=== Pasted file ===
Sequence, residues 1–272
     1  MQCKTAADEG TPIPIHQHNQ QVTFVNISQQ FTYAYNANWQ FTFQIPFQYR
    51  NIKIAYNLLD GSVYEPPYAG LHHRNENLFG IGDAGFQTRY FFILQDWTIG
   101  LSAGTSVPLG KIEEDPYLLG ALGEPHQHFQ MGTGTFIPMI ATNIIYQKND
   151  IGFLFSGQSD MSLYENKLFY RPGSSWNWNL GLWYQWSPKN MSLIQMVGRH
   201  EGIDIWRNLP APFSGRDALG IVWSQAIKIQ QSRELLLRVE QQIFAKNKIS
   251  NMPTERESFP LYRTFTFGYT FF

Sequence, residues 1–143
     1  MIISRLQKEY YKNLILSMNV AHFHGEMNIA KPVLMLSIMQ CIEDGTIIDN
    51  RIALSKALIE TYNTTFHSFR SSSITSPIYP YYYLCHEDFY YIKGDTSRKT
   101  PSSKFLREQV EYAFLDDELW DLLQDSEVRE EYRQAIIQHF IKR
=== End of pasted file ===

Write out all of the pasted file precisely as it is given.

Sequence, residues 1–272
     1  MQCKTAADEG TPIPIHQHNQ QVTFVNISQQ FTYAYNANWQ FTFQIPFQYR
    51  NIKIAYNLLD GSVYEPPYAG LHHRNENLFG IGDAGFQTRY FFILQDWTIG
   101  LSAGTSVPLG KIEEDPYLLG ALGEPHQHFQ MGTGTFIPMI ATNIIYQKND
   151  IGFLFSGQSD MSLYENKLFY RPGSSWNWNL GLWYQWSPKN MSLIQMVGRH
   201  EGIDIWRNLP APFSGRDALG IVWSQAIKIQ QSRELLLRVE QQIFAKNKIS
   251  NMPTERESFP LYRTFTFGYT FF

Sequence, residues 1–143
     1  MIISRLQKEY YKNLILSMNV AHFHGEMNIA KPVLMLSIMQ CIEDGTIIDN
    51  RIALSKALIE TYNTTFHSFR SSSITSPIYP YYYLCHEDFY YIKGDTSRKT
   101  PSSKFLREQV EYAFLDDELW DLLQDSEVRE EYRQAIIQHF IKR